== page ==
Brazil

08.29.2011 | by: Meghan
Homes to Stay

Stay: Blue Atelie

Trancoso, Brazil

A few weeks ago, Mariana McConnell from Boutique Homes got in touch about some of their rental properties and volunteered to tell designtripper about the Blue Atelier in Trancoso–”a quiet, defiantly primitive fishing village on a stunningly beautiful stretch of Brazil’s Discovery Coast, a place that has defied the passing of time by staying true to itself.” From Mariana:

Blue Atelie is a small beach cabana modeled on traditional fisherman’s huts of Bahia. The exterior walls have been painted a soft blue that mirrors the bright colors found in shops and houses along the Quadrado, the main square in Transcoso. Karin Farrah, creator of Blue Atelie, worked as a florist in Sao Paulo and her love of nature is evident in the indoor-outdoor aesthetic of the cabana. Clapboard shutters on the windows and doors open up to a leafy garden and private pool and allow balmy breezes to float through the interior. Blue Atelie is located within steps of the beach, but you might find it hard to tear yourself away from the natural beauty right outside your door.

The interior of Blue Atelie is a mix of the rustic and the artistic, with decorative elements like an antique mirror and dressmaker’s dummy adding a touch of vintage elegance. Farrah’s artistic passion even extends to functional aspects of the decor. Instead of using traditional netting on the canopy bed to keep away mosquitoes, Farrah opted to use locally made lace, as she finds netting to be “suffocating.” In true Transcoso fashion, many of the objects in the cabana were not purchased but instead bartered for or picked up along Farrah’s travels. The entire atmosphere of Blue Atelie is light and airy and easy, with no separation between the vivid natural beauty of the area and the laid-back lifestyle of Bahia.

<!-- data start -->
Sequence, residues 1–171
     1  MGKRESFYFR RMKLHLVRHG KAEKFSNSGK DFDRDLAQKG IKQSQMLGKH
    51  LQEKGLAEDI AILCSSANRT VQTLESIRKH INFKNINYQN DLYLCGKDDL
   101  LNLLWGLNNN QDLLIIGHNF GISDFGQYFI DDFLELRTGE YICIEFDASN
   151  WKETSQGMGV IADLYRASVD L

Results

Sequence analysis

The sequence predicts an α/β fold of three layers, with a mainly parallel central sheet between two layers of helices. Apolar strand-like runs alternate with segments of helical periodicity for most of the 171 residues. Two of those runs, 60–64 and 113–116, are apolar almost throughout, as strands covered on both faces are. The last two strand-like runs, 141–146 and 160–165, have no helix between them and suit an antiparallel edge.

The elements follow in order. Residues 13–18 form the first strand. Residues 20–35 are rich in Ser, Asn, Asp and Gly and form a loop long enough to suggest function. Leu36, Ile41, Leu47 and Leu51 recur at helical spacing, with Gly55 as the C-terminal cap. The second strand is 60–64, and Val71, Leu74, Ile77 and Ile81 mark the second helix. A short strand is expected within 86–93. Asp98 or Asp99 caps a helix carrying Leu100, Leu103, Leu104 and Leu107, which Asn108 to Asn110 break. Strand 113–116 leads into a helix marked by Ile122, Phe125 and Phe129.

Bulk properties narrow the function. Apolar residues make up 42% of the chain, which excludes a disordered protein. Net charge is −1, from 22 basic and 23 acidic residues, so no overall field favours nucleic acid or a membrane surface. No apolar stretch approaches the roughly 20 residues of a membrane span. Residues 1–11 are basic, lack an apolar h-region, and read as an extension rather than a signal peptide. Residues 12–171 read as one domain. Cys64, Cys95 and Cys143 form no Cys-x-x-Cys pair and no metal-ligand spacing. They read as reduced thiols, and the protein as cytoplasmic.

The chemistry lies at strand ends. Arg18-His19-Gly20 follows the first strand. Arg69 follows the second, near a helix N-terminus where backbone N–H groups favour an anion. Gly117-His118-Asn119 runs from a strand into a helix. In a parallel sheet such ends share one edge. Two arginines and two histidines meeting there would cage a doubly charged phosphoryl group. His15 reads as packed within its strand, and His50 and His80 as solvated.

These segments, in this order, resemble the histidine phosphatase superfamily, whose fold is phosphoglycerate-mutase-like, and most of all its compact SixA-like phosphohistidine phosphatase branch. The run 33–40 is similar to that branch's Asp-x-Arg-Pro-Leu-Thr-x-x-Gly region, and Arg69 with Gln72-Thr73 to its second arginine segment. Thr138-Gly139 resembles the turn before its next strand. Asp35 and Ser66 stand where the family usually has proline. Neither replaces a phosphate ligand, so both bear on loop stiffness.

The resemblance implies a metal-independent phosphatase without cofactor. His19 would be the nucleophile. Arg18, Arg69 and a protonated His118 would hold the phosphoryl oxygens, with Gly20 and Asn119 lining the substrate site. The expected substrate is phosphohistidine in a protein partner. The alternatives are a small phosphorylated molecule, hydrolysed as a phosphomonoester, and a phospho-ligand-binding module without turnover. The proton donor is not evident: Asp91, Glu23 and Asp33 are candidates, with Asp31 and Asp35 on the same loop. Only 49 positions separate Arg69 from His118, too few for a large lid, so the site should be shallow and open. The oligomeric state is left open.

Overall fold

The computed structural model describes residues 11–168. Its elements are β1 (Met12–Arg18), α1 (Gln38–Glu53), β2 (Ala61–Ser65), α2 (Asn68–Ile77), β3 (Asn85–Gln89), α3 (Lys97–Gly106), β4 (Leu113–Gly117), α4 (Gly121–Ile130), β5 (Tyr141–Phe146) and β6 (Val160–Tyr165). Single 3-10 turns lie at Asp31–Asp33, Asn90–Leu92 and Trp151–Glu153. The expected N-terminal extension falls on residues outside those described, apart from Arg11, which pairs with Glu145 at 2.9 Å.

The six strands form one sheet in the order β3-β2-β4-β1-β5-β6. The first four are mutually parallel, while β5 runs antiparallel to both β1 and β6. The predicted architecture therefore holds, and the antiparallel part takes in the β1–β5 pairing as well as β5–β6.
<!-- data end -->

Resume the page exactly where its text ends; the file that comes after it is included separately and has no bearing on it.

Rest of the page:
When I say Blue Atelie is small, I mean it. The one-bedroom, one-bath cottage only accommodates two people at the most. However, despite a small footprint, the cabana has a fully equipped kitchen and living area furnished in Farrah’s distinct boho-chic style. There’s also Wi-Fi for those who cannot be without their iPhones. Blue Atelie is a wonderful choice for honeymooners or couples who are interested in seeing a side of Brazil that remains invisible to most tourists, but a last note for those who favor tranquility in their vacation rentals: make sure not to come between Christmas and New Year’s Eve, when all of Transcoso becomes the site of a massive celebration.

01.26.2011 | by: Meghan
Homes to Stay

Stay: UXUA

Trancoso, Brazil

After traveling to Trancoso on vacation, the creative director of Diesel, Wilbert Das, fell completely in love with the small fishing village. A few return trips later, he decided to buy a place–an old house facing the town’s Quadrado (historic square overlooking the sea), which had been restored to an Indian-style pousada with a beautiful but overgrown garden hidden behind the house.

Wilbert was in the middle of remodeling it as a second home/design studio when he had the idea of restoring some of the nearby houses as a community like “a hotel that’s not a hotel.”  Enter Uxua: nine individual, seriously stunning homes, all built or restored by local artisans, plus a social lounge, bar and library. Luxurious, yes, but in a rustic, traditional way.

Fallen tree trunks are carved out to form sinks, baths and showers; roof tiles are restored from old farmhouses; and local ceramics cover floors and act as décor. When Wilbert was renovating the spaces, he wanted to honor the color, exuberance and spirit of the centuries-old village. He used local craftsman, recycled and repurposed materials, and even designed many of the pieces himself (including the beautiful chandeliers made from dried indigenous berries).

“Some of our decorative elements were made by Pataxó Indians who live on a reservation just up the coast from Trancoso. One of these Indians loved the old trees and variety of plants in the garden of the property and described the place to me with the Pataxó word for ‘marvelous,’ which I borrowed and translated as UXUA, giving the hotel its name,” says Wilbert. “I’m a very rational Dutch guy but for me the Quadrado has some magic power that I have only encountered here, it completely relaxes me and takes away all the stress the minute I step foot on it.”

[All photos by Fernando Lombardi unless noted otherwise.]